The Show Goes On!

The Harrell Theatre in Collierville, TN was already a creative place, but the Collierville Arts Council has had to perform its best show yet to navigate certain, unique challenges. Terry Dean, Executive Director of the Collierville Arts Council joins the Main and Mulberry Podcast to discuss the Harrell Theatre’s upcoming season, video auditions, and this year’s Christmas Cabaret!

See the transcript below.

Anna Bell: Hello everyone. I’m Anna Bell. Today I’m thankful to have Collierville Arts Council, Executive Director, Terry Dean, on the phone with us today to talk about how the COVID-19 pandemic has affected the Herald theater and if the sun will indeed come out tomorrow. Terry, thanks for taking the time to talk with us today.

Terry Dean: Absolutely. Glad to be here.

AB: Yeah, so how are you in the family doing Terry? I know you’ve got kids in different parts of the country right now. How is the Dean family?

TD: The Dean family is good. My husband is working at FedEx. He’s one of those essential workers working in global ops. So he’s staying busy and the girls are too, so we cannot complain.

AB: Good. Is he flying often, I guess?

TD: He is actually a flight dispatcher. He works out by the airport. He kind of dispatches a lot of different flights for shifts. So he’s kind of working a regular schedule now. So it’s busy with the airlines, not flying a lot of freight FedEx as far as some of that stuff, but they are still staying busy, so that’s a good thing.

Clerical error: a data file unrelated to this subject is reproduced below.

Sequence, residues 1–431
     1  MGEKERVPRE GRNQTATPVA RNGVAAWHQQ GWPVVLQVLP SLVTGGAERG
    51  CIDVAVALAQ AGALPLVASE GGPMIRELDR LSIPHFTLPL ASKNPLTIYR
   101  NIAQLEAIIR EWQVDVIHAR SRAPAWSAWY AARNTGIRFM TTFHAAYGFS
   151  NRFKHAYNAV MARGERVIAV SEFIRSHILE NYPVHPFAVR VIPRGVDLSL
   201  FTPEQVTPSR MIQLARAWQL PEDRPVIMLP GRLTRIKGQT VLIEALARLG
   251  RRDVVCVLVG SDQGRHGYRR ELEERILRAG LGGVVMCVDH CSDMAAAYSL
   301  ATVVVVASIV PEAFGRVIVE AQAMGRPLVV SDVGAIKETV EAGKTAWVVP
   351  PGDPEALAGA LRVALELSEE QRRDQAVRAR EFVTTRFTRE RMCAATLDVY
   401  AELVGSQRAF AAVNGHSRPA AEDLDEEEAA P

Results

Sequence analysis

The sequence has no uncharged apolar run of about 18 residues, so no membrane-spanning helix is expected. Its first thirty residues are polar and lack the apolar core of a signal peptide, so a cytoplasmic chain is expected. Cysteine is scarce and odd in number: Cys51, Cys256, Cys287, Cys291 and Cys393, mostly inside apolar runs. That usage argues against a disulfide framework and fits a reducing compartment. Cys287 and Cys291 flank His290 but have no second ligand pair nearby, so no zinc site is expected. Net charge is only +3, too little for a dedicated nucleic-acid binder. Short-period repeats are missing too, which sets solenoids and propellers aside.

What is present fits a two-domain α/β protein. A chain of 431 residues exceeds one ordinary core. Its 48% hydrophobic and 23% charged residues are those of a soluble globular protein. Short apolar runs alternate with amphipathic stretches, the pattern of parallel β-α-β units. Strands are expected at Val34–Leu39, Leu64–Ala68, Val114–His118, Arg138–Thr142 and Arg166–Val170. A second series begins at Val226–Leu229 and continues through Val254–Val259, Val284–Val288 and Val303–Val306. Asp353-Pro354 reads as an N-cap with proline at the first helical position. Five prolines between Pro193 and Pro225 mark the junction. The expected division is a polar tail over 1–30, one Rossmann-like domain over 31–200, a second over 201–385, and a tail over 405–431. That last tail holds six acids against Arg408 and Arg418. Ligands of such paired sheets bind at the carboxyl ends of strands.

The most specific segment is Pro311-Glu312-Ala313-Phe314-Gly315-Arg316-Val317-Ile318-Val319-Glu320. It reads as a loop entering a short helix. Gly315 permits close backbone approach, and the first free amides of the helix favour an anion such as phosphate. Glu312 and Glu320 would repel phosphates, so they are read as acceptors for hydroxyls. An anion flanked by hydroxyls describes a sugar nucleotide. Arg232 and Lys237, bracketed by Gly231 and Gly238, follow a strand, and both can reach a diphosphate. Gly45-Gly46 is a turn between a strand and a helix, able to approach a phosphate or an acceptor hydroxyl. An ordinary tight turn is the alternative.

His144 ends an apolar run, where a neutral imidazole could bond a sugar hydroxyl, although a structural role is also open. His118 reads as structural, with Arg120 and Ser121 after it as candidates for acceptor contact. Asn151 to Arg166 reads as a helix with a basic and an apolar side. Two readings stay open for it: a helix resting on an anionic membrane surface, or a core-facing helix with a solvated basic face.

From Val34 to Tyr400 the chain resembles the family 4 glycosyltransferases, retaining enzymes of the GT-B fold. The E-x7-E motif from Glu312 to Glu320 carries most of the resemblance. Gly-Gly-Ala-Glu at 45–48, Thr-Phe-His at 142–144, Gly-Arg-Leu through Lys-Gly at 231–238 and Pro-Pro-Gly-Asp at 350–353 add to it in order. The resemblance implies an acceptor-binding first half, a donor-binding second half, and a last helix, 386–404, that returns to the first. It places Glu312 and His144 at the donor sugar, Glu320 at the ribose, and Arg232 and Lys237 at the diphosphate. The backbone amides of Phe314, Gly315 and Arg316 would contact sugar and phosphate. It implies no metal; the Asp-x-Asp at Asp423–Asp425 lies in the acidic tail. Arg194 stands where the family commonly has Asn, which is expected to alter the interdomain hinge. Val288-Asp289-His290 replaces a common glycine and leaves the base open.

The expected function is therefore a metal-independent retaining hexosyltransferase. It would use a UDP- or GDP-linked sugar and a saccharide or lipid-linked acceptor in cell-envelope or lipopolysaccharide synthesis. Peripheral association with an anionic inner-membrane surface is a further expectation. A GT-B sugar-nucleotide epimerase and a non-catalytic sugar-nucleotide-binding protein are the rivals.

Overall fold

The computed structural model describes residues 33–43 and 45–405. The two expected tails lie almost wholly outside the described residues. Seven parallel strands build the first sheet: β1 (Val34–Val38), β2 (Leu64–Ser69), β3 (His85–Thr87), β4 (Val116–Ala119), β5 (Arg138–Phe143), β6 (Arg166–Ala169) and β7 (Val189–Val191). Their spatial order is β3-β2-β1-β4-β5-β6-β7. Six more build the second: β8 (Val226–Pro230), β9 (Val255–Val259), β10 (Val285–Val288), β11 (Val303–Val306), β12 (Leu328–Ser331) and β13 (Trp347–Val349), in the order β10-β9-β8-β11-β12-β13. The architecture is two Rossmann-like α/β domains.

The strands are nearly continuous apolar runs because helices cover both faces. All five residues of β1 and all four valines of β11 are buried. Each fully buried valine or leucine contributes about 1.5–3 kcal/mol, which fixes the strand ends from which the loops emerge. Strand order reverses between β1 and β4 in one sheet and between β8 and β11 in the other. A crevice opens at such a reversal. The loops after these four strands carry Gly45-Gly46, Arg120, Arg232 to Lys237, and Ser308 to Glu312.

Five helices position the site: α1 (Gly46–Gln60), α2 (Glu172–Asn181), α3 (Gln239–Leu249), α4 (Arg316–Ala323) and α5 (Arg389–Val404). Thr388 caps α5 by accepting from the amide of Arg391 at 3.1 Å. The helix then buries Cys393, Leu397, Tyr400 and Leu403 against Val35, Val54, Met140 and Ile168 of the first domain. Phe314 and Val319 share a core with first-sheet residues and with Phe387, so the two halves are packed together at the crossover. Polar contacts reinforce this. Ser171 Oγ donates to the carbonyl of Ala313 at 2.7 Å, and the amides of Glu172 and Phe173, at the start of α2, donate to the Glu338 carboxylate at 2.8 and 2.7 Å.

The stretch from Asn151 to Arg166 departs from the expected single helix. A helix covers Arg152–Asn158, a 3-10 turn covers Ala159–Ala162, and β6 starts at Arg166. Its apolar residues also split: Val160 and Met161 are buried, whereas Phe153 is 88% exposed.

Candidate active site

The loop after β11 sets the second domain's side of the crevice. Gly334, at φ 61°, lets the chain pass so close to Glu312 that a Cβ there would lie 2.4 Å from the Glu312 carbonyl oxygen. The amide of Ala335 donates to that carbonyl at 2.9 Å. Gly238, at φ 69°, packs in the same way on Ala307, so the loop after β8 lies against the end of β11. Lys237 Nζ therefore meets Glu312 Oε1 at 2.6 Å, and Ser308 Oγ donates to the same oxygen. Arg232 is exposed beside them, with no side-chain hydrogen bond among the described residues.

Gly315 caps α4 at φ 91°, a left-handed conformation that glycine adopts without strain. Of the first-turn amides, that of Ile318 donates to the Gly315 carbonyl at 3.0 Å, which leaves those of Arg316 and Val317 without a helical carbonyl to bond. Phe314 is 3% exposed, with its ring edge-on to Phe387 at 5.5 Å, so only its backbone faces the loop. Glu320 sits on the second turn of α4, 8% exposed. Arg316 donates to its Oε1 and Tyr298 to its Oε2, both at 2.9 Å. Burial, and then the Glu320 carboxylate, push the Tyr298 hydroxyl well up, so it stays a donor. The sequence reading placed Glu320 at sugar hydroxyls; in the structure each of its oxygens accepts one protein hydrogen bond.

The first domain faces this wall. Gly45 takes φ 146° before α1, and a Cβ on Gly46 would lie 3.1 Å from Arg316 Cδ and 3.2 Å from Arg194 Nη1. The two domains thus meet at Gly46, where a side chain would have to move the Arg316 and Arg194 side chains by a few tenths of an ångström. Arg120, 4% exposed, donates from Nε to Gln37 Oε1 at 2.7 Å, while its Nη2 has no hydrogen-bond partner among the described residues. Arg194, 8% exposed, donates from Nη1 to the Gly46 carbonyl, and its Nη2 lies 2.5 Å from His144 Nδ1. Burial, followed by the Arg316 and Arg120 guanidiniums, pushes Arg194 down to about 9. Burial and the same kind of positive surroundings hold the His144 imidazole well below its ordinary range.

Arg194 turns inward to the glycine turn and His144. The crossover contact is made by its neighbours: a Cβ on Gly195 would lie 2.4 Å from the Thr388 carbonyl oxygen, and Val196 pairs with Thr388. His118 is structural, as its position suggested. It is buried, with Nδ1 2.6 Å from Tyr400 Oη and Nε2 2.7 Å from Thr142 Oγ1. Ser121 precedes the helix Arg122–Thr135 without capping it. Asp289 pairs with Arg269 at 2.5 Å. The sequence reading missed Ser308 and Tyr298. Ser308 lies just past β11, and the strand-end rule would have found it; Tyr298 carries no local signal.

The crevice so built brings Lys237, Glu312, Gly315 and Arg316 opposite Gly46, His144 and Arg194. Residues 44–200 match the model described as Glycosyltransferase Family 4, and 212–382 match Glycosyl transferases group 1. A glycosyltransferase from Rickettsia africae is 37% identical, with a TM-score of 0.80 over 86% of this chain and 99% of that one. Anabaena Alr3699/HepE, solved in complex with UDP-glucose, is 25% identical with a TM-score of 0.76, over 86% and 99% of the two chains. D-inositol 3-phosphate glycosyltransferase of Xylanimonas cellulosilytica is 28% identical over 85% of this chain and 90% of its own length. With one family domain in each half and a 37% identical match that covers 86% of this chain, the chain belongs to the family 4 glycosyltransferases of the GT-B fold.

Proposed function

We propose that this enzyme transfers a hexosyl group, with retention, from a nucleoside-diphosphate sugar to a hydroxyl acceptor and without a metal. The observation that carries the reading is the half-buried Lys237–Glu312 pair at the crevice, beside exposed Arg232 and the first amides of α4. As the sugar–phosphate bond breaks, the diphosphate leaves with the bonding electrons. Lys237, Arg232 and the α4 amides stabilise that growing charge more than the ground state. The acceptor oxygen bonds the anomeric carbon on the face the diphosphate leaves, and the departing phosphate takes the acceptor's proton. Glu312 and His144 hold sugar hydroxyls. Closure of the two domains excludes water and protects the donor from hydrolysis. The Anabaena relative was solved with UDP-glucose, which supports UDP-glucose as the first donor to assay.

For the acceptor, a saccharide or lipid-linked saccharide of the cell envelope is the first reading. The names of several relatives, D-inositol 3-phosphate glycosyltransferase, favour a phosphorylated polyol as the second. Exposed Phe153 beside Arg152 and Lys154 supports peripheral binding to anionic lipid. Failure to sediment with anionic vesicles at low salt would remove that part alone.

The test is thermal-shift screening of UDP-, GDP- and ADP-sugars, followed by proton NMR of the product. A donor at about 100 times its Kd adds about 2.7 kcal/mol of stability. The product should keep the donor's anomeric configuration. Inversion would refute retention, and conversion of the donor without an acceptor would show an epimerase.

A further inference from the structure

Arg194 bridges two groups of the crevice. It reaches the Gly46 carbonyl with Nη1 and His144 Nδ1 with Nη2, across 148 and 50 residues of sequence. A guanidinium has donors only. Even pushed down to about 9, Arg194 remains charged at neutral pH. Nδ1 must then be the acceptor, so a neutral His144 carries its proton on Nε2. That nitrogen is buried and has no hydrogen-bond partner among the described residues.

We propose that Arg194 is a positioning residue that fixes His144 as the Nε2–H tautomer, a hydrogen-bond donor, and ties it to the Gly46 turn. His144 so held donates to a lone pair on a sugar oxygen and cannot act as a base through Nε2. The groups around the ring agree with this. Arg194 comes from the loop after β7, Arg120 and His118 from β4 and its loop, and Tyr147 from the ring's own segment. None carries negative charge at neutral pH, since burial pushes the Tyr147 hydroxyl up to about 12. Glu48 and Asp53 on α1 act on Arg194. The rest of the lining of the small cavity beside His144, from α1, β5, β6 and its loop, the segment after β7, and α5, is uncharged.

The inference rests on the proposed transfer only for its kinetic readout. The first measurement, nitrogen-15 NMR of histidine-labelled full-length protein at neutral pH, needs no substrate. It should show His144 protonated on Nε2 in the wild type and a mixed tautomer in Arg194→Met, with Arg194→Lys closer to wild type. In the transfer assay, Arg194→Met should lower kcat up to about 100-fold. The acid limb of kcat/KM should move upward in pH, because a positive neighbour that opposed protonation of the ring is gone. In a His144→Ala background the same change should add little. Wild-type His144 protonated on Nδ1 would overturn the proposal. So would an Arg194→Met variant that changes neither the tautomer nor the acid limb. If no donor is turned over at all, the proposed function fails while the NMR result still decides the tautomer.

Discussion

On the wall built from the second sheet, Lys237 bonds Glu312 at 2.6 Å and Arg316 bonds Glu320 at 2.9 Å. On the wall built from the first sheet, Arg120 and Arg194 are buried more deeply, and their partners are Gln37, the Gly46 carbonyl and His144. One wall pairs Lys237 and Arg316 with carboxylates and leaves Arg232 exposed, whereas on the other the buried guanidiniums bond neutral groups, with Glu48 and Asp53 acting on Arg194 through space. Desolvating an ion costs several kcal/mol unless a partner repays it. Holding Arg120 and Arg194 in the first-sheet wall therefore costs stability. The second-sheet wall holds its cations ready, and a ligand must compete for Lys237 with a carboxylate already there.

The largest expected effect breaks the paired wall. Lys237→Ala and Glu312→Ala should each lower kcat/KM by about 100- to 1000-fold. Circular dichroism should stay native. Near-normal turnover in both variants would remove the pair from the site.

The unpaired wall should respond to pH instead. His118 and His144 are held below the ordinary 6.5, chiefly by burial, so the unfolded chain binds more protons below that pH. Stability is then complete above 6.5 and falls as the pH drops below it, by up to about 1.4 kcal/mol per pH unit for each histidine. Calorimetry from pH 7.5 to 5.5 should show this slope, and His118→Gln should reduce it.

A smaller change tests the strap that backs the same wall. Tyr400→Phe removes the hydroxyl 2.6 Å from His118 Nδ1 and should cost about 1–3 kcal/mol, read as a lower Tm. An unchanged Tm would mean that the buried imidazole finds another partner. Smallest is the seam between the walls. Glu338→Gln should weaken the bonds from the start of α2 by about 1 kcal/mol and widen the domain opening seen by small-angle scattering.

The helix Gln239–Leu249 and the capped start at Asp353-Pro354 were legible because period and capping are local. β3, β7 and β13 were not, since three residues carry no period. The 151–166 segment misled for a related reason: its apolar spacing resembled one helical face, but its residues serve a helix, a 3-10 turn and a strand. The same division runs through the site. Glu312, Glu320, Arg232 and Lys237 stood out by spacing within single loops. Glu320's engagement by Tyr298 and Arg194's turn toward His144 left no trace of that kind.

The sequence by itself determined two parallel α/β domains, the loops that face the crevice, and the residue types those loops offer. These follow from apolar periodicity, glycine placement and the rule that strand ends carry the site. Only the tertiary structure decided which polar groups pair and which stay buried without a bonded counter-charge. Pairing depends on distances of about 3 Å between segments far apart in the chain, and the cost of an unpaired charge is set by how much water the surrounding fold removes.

AB: That is a good thing. Now for those who might be new to the area or learning more about local organizations, due to kind of this extra time we’ve got on our hands, can you tell us about the Collierville Arts Council and a little about your role and responsibilities as the Executive Director?

TD: Sure. I started out probably six, seven years ago volunteering with the summer show and then got on the Arts Council as a volunteer and everybody on the Council was a volunteer. We didn’t have an Executive Director. As we started to raise a little more money through our programs and some of our fundraising, we were able to hire someone and I ended up getting that job. So I helped fundraise and coordinate what shows we’re going to do and hire staff for shows. I’ve been the Executive Director for a little over three years now. But we’ve been around for I think 32 years as an Arts Council.

AB: Yeah. I mean if you’ve been in the community for some time, you’ve heard through one way or another of the Collierville Arts Council, you guys put on a lot of events and are very involved in the community.